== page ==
Introduction: For decades, scientists have attempted to develop models for growing and studying primary tumors outside of the human body. Even today, one of the greatest challenges in cancer research has been generation of stable cancer cell lines from primary tumors. Most primary cell cultures, regardless of the method used to generate them, suffer from limited lifespan due to cellular senescence. Cultured cells transformed with SV40 virus large T antigen or over-expression of hTERT has been limited by genomic variation and other changes that vary with the passage number. Recently, a new approach was described by the Schlegel group at Georgetown (Liu et al, AJP 2012) called “conditionally reprogrammed cells” (CRCs). They showed these cells (derived from primary tumors or normal tissue) could be grown indefinitely under defined conditions without using any extrinsic genetic immortalization technique. These cells have been shown to maintain the karyotype similar to the tissue of origin even after prolonged passaging. Here we show that we can obtain confirmatory results at a separate institution and further show that in lung cancer, the CRC lines maintain histotype specific characteristics.

Method: The CRC technique requires mouse irradiated J2 cells as feeder cells and a ROCK inhibitor to rapidly grow and expand patient's epithelial cells. We have grown cultures from six tissue types including lung, breast, pancreas, kidney, colon, and salivary gland. All tissue samples were collected by Yale University Pathology Tissue Services and processed in our lab for generating CRC lines. We have characterized lung CRC lines for morphology and immunophenotyping using H&E stains and histological markers including CK7, p63 and TTF1. We have also performed gene expression profiling using Illumina bead arrays on selected lung and pancreatic samples.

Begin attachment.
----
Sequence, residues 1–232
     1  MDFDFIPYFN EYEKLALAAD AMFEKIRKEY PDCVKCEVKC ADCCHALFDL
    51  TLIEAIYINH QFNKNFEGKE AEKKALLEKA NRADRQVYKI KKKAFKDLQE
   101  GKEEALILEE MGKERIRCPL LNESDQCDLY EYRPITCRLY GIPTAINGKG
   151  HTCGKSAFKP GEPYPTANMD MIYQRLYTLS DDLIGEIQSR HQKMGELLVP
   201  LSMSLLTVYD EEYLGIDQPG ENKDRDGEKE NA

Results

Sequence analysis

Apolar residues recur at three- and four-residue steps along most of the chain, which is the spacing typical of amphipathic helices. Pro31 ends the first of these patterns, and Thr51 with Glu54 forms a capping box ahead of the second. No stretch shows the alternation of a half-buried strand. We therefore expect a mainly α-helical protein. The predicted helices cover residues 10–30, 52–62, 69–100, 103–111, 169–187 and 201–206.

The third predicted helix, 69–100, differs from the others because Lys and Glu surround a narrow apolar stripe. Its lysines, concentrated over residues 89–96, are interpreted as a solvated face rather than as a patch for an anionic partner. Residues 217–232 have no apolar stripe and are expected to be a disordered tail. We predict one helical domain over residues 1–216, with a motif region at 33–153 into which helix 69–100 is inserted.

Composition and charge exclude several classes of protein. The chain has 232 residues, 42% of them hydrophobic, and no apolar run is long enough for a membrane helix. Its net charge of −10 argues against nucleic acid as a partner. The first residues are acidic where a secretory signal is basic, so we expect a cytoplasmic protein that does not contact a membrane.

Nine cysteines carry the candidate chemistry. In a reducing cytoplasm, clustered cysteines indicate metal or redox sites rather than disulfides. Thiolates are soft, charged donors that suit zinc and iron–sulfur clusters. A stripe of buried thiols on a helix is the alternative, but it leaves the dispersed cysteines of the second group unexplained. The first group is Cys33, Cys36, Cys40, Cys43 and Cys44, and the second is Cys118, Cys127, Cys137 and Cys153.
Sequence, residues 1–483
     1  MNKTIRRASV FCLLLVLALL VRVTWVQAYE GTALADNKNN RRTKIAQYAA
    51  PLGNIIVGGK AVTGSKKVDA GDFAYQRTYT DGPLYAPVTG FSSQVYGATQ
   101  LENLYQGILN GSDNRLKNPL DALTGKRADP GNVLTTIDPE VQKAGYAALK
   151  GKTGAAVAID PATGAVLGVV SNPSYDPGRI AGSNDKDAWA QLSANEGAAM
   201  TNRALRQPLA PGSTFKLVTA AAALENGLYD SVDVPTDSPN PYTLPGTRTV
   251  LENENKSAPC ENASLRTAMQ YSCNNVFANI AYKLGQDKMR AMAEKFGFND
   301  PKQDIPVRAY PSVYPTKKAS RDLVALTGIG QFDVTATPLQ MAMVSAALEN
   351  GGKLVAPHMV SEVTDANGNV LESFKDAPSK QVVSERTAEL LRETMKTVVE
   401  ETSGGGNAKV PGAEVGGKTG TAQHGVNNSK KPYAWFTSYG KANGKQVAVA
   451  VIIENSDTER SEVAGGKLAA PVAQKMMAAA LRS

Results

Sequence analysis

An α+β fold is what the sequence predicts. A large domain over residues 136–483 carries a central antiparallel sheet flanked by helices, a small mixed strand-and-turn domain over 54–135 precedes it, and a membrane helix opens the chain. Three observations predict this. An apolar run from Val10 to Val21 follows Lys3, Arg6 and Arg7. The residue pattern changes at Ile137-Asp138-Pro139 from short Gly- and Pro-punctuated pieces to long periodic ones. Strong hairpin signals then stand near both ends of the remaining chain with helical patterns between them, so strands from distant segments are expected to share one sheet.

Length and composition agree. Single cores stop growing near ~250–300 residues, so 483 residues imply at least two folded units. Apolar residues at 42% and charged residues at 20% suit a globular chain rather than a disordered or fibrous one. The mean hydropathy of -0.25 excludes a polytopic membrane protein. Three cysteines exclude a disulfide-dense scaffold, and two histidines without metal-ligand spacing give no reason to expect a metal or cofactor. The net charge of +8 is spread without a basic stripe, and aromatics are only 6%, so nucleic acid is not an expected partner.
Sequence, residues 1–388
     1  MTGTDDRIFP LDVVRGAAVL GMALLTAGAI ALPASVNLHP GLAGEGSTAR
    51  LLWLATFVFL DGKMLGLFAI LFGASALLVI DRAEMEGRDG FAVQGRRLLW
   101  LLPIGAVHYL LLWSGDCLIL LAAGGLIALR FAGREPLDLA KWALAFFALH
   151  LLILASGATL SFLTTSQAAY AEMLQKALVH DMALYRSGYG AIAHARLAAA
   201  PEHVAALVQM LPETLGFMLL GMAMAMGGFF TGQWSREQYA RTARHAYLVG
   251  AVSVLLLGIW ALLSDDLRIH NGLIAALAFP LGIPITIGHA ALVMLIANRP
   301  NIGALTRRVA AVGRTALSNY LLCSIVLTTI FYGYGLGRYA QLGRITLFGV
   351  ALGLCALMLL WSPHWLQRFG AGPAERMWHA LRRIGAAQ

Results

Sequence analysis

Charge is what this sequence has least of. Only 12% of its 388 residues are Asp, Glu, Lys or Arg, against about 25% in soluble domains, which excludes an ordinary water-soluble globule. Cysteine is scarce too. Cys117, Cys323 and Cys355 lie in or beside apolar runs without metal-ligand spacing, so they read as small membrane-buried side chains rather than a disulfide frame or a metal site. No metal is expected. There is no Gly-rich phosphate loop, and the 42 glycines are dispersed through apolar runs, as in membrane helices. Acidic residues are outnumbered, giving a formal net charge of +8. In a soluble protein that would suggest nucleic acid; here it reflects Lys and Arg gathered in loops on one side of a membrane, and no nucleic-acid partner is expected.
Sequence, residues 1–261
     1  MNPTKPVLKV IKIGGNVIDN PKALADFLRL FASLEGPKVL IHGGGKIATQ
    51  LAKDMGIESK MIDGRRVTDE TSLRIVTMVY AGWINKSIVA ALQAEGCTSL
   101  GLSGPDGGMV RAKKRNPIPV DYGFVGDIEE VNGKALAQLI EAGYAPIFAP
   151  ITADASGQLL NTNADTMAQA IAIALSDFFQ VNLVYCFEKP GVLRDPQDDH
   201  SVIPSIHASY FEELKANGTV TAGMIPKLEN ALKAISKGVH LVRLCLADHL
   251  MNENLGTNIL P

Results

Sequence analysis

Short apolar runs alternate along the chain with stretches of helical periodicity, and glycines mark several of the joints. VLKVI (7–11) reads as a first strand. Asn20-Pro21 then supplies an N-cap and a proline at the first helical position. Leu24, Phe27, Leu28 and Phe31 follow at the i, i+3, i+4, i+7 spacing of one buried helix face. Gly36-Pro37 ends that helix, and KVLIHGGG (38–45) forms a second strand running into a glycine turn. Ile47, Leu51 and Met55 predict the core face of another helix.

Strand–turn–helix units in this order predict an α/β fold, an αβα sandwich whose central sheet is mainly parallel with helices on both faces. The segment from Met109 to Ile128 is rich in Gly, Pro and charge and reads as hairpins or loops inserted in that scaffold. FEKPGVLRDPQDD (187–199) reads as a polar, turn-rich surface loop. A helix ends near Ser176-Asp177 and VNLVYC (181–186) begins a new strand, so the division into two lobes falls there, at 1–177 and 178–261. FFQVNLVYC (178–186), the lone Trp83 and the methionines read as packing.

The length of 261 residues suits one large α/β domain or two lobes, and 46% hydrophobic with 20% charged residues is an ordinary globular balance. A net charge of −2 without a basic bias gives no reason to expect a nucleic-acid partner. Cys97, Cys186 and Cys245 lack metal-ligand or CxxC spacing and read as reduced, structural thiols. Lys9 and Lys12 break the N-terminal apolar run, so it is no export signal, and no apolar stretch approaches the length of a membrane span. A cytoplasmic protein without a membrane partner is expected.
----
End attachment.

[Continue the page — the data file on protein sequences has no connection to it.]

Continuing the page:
Results: We have successfully established CRC lines from all six tissue types. Our success rate exceeds 70% for lung and breast tumor samples while other tissues show somewhat lower rates. Even traditionally challenging cells to culture, like pancreatic and salivary gland tumors have been successfully cultured. Preliminary morphological and histological analysis on lung CRC lines show that features of lung adenocarcinoma (ADCA) and lung squamous cell carcinoma (SQCC) are maintained in CRC lines. Gene expression profiling shows that lung CRC lines from SQCC samples clustered together and are separate from ADCA. Profiles from a pancreatic CRC line recapitulated the profile of the corresponding frozen tissue.

Conclusion: This novel CRC technology represents a new approach to culturing cells from tumors and normal cells, including tumors that have been historically challenging to grow. The resulting cells appear highly similar to the tumors from which they were derived. Future studies are needed to further characterize the CRC system and to test its value for assessment of personalized drug sensitivity.

Citation Format: Seema Agarwal, Joanna Hu, Kelly Stanton, Kurt Schalper, Yuval Kluger, Elizabeth Zarrella, Xuefeng Liu, Richard Schlegel, David L. Rimm. Next generation cell line models: conditionally reprogrammed cells. [abstract]. In: Proceedings of the 104th Annual Meeting of the American Association for Cancer Research; 2013 Apr 6-10; Washington, DC. Philadelphia (PA): AACR; Cancer Res 2013;73(8 Suppl):Abstract nr 1569. doi:10.1158/1538-7445.AM2013-1569